The city of Seattle has narrowed its search for designers of the central waterfront to four teams — each interesting in distinctive ways. All teams have substantial local involvement by architecture and landscape architecture firms with a body of significant civic works. Each is headed by a firm or person with international recognition. Each includes an artist who would help infuse the district with élan and potential surprises. How could we possibly miss?
In theory we shouldn’t. Each team would likely deliver a commendable project that we would all be delighted to use, especially given the current condition with that insanely noisy, visually hulking viaduct. Most of us have to employ our finest powers of cognitive dissonance just to walk to the ferry or to the aquarium. We know it’s a dreadful place but we ignore the painful evidence.
The Olympic Sculpture Park has given us hope that, in the right hands, the entire waterfront could be not just pleasant but immensely enchanting. In the words of one local architect, “This may be the greatest waterfront design project the world has yet seen.”
Indeed, I am hard pressed to think of a comparable opportunity. Barcelona comes to mind, as does Sydney, for their sweeping, remarkable transformations full of breathtaking drama. But neither of those cities has a sloping terrain adjacent to it. San Diego has some great waterfront spots, but it never feels like a whole ensemble. There is San Francisco, of course, but that city has many widely differing waterfronts, not a singular focused one.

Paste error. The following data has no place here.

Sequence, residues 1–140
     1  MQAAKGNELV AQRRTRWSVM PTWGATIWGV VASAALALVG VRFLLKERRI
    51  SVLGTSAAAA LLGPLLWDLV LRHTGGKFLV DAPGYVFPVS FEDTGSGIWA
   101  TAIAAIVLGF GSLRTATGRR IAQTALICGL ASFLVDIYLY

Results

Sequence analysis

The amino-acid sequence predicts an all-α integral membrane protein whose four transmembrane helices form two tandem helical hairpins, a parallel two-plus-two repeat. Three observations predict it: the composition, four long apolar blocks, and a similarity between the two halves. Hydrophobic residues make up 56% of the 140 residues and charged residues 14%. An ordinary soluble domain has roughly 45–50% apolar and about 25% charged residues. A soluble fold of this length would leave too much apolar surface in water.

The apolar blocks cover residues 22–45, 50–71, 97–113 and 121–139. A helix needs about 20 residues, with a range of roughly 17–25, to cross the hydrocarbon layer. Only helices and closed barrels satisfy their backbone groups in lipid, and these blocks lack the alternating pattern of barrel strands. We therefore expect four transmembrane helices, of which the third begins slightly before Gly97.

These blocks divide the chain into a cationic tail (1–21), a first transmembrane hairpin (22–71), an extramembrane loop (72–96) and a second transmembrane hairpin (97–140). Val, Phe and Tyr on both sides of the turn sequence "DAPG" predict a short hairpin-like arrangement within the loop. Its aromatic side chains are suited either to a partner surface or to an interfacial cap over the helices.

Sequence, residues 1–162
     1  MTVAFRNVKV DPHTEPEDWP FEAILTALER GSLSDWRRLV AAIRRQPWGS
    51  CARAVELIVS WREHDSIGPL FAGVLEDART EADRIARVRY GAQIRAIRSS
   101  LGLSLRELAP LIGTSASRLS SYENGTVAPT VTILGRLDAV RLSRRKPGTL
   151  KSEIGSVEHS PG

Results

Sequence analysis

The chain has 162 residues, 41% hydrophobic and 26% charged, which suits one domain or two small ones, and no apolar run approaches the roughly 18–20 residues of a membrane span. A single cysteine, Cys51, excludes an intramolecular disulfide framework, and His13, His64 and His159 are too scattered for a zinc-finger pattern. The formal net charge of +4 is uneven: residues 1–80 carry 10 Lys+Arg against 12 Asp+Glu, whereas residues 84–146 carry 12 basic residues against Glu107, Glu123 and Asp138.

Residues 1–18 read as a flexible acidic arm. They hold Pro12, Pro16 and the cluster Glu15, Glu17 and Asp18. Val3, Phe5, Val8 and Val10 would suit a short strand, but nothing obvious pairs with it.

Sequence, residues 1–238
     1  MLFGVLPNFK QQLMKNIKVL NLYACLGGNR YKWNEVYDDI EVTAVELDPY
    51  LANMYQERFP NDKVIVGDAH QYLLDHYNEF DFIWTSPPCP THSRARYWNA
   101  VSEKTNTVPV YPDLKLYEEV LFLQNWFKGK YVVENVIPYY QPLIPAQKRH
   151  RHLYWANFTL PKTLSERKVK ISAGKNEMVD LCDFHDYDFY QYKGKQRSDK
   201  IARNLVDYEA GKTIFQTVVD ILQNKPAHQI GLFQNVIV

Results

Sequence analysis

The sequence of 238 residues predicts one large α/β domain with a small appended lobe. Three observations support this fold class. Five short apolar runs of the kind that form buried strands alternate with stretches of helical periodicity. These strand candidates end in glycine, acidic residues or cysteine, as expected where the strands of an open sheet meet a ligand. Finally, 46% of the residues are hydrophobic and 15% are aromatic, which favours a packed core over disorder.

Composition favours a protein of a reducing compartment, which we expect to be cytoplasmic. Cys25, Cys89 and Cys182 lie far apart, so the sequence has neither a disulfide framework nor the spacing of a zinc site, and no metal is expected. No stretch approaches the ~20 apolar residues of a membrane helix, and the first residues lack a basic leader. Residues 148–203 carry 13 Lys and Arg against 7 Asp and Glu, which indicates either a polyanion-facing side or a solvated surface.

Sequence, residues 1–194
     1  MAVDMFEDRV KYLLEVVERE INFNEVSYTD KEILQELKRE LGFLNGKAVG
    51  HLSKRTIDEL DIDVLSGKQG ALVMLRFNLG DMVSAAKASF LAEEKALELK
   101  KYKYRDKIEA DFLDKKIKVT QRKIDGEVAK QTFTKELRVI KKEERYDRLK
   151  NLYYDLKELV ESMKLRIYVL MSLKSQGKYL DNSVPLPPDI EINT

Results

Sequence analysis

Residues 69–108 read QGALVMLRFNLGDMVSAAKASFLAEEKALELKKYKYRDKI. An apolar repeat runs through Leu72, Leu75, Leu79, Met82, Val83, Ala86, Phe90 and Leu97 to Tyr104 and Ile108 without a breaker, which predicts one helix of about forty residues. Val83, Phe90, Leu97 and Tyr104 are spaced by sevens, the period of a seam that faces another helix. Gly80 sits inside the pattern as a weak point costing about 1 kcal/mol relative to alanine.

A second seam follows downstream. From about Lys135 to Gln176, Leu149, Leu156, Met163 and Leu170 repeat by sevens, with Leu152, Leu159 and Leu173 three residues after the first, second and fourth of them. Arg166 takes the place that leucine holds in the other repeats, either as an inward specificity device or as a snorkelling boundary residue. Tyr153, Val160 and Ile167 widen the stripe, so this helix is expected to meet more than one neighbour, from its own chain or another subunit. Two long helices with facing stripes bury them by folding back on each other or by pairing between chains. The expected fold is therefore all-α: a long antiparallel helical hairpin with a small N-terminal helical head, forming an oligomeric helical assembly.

There are many great, thrilling waterfront cities, but few have as intimate a relationship with the cityscape next to them. In some ways our entire downtown is the waterfront.
So now we have four teams to choose from. The winning team will devise the overall framework for the central waterfront park, but not necessarily be the final design team. Another design firm might win that award, or parts of the project could be divvied up among several architects and designers. The four finalists were picked by a selection panel made up of people from Seattle's Department of Transportation, Planning and Development, and Parks. The finalist teams are:
Gustafson Guthrie Nichol is our own, home-grown international star. GGN, led by Kathryn Gustafson, has done work all over the world and some ways is more well-known in Europe than here. (Local works include the landscape portions of McCaw Hall and the Seattle City Hall.) The GGN team, as elsewhere, has affiliated itself with the London-based architects Foster and Partners, led by Norman Foster. And it has packed itself with a panoply of local firms (Jones & Jones, Weinstein A/U among them) and artists. GGN brings with it an emphasis on the art of landscape as much as the architecture of it, having created sculptural assemblies than speak to ecology, geology, hydrology, and detritus from the industrial past. GGN has worked on complex civic projects for some years now, notably the greatly admired garden spaces at Chicago's Millennium Park, and has developed a reputation that is definitely impassioned, if a bit prickly.